Politics: Your impeachment questions, answered - - PressFrom - US
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Politics Your impeachment questions, answered

22:27  29 november  2019
22:27  29 november  2019 Source:   washingtonpost.com

Stefanik: The left is 'spun up' after her impeachment hearing performance

  Stefanik: The left is 'spun up' after her impeachment hearing performance In an interview with radio talk show host John Catsimatidis, Rep. Elise Stefanik (R-N.Y.) said that Democrats are "spun up" after her performance during the public impeachment hearings. © The Hill Stefanik: The left is 'spun up' after her impeachment hearing performance "I was focused on the facts and the substance in my questions of witnesses as part of these impeachment hearings," the House Intelligence Committee member told Catsimatidis. require(["medianetNativeAdOnArticle"], function (medianetNativeAdOnArticle) { medianetNativeAdOnArticle.

We’ve been soliciting your impeachment questions throughout this impeachment inquiry. As it wraps up its second month and enters a new phase — writing of the actual articles of impeachment against President Trump — here are some of your most common questions, answered.

Rudy Giuliani wearing a suit and tie: Rudy Giuliani campaigning for Trump in 2016. (REUTERS/Jonathan Ernst/)© Jonathan Ernst/Reuters Rudy Giuliani campaigning for Trump in 2016. (REUTERS/Jonathan Ernst/)

Got more questions? Ask them here, and I’ll try to answer them in an upcoming 5-Minute Fix impeachment newsletter.

Can Trump be subpoenaed in the investigation? Not without a court case going all the way to the Supreme Court. The court has never ruled if a president can be subpoenaed in a grand jury, and The Washington Post’s Fact Checker described it as a “thorny legal thicket.” We could presume the same holds for a subpoena from Congress. Even if they could subpoena Trump, Democrats have no illusions that he would talk, considering how many White House officials have ignored subpoenas.

House Democrat says he plans to vote against all articles of impeachment

  House Democrat says he plans to vote against all articles of impeachment Rep. Jeff Van Drew of New Jersey, one of two Democrats to vote against formalizing the impeachment inquiry, said he plans to vote against all the articles of impeachment "unless there's something that I haven't seen, haven't heard before."Rep. Jeff Van Drew of New Jersey, one of two Democrats to vote against formalizing the impeachment inquiry, said he plans to vote against all the articles of impeachment "unless there's something that I haven't seen, haven't heard before.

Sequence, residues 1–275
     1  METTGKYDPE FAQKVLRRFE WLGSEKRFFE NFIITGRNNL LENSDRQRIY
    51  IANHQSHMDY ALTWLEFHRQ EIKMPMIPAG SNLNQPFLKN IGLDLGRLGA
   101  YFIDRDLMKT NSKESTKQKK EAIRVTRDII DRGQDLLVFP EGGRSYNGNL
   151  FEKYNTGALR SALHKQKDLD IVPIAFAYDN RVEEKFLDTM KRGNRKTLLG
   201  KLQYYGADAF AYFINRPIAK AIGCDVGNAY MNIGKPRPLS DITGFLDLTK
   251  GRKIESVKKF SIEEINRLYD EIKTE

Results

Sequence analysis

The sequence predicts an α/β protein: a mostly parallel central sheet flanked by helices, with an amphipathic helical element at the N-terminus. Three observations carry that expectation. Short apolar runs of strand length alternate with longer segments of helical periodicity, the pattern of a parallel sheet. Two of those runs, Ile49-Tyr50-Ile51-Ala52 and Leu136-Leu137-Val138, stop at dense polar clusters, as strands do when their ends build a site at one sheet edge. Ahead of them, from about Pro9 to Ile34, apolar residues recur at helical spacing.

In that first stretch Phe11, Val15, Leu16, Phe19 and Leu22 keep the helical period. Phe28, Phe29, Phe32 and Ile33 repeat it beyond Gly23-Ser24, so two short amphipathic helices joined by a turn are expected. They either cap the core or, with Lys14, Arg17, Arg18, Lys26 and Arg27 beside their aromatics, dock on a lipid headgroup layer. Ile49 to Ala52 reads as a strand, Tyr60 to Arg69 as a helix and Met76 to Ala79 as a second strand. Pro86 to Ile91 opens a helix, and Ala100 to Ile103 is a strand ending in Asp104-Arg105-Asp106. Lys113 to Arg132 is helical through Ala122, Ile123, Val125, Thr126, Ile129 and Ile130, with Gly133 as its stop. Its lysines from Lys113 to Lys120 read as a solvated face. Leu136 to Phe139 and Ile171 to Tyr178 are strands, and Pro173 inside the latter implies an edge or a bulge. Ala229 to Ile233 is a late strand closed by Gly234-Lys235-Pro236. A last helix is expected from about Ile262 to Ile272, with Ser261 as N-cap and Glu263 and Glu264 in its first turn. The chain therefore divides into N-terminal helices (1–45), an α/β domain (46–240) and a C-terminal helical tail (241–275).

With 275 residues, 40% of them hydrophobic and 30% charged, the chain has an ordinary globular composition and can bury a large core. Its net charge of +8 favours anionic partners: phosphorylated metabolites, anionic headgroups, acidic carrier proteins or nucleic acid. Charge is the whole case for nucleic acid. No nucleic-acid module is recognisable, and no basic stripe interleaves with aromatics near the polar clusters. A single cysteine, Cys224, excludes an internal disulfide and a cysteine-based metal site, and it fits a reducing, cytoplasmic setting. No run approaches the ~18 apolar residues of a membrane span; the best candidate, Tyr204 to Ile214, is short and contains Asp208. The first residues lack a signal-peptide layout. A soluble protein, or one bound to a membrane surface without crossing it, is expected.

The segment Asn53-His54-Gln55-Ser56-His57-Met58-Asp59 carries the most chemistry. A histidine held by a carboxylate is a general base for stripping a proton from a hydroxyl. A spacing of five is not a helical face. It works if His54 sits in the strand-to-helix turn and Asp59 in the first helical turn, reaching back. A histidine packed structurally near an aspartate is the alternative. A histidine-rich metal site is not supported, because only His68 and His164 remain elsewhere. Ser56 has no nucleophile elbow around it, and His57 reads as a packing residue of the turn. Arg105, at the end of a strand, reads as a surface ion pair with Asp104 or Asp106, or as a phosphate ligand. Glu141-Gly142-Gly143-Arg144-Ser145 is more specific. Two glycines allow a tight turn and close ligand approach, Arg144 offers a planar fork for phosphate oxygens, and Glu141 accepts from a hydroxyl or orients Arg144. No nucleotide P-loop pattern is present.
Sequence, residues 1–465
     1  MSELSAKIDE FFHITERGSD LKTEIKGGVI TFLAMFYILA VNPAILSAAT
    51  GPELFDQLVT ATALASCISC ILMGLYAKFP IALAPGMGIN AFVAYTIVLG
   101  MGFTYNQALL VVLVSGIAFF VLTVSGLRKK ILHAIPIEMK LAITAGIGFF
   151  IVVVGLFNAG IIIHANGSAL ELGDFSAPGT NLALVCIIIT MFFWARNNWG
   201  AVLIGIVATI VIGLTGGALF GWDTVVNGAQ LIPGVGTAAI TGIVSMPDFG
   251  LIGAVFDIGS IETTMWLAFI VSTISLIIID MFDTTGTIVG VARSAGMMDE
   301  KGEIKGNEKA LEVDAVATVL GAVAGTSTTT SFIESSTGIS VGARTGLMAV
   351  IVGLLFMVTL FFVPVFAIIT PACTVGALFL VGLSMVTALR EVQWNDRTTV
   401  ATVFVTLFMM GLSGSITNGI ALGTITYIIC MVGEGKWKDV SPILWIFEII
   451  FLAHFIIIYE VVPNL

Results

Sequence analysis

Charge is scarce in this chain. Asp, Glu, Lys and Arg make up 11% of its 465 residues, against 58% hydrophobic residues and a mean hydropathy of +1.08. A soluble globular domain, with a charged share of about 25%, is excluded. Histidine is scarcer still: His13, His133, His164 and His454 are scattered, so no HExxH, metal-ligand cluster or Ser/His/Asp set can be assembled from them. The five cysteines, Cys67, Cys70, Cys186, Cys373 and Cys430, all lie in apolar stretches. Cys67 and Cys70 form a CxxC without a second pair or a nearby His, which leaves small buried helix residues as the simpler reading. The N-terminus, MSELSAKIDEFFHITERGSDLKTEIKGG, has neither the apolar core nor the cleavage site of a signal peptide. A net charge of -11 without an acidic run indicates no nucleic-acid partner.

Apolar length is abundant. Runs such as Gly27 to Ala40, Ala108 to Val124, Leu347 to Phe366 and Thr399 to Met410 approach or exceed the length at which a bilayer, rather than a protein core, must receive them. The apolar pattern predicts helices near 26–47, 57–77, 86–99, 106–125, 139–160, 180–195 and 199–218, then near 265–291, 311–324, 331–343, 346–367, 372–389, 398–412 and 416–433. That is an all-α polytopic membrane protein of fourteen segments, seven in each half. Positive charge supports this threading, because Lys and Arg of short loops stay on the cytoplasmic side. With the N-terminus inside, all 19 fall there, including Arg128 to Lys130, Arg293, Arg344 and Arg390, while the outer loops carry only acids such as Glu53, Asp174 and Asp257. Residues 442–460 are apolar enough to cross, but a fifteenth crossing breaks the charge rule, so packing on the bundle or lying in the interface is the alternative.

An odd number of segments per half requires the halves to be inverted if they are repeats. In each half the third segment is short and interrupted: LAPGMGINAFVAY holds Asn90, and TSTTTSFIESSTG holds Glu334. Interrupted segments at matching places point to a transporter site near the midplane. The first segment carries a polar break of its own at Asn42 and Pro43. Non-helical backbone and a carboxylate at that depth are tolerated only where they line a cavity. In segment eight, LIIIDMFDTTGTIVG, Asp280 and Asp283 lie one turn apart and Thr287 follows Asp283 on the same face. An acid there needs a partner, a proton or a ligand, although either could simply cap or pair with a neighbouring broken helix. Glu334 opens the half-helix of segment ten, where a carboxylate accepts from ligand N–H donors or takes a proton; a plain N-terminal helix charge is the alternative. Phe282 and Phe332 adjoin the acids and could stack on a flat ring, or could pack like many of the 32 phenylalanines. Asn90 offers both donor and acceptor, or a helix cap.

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As the House Judiciary Committee begins hearings next week on writing articles of impeachment, they’ve invited Trump and his lawyers to join and even question witnesses. He’s expressed no interest.

Why hasn’t Trump’s personal lawyer Rudolph W. Giuliani been subpoenaed? Possibly because he’s Trump’s private attorney and could try to avoid talking by saying everything he knows would be protected by attorney-client privilege (There’s some dispute that it would be, though). Democrats have also been more focused on talking to past and present government officials. Trump’s personal lawyer can take the lead on defending the president in a Senate trial, though the president has several lawyers, and it would seem risky, to say the least, to task Giuliani with his defense there.

Ivanka Trump Tweets Out Fake de Tocqueville Quote to Bash Impeachment as a ‘Decline of Public Morals’

  Ivanka Trump Tweets Out Fake de Tocqueville Quote to Bash Impeachment as a ‘Decline of Public Morals’ “A decline of public morals in the United States will probably be marked by the abuse of the power of impeachment as a means of crushing political adversaries or ejecting them from office.” Those words, Ivanka Trump claimed, were spoken by Alexis de Tocqueville in 1835. In a Thursday evening tweet, the first daughter used the quotation to bash the impeachment hearings against her father, President Donald Trump.

When Trump decided to release the Ukraine military aid after a months-long freeze, what justification was given? Well, Trump has said he was worried about corruption in Ukraine and concern that European countries weren’t doing their part to protect Ukraine from Russian-backed separatists.

But the White House didn’t give a specific reason when it released the aid in September after freezing it in early July. Officials were under growing pressure from Republicans and Democrats in Congress to give it to Ukraine. And we now know Trump had been briefed on the existence of the whistleblower complaint, according to a New York Times report.

It’s easy to understand Russian interest in influencing our election but what motivation does Ukraine possibly have? Things seem pretty unsettled there. Ukraine didn’t interfere in the 2016 presidential election. Not according to the U.S. intelligence agencies who have said it was Russia.

Wide partisan gulf on display at impeachment hearing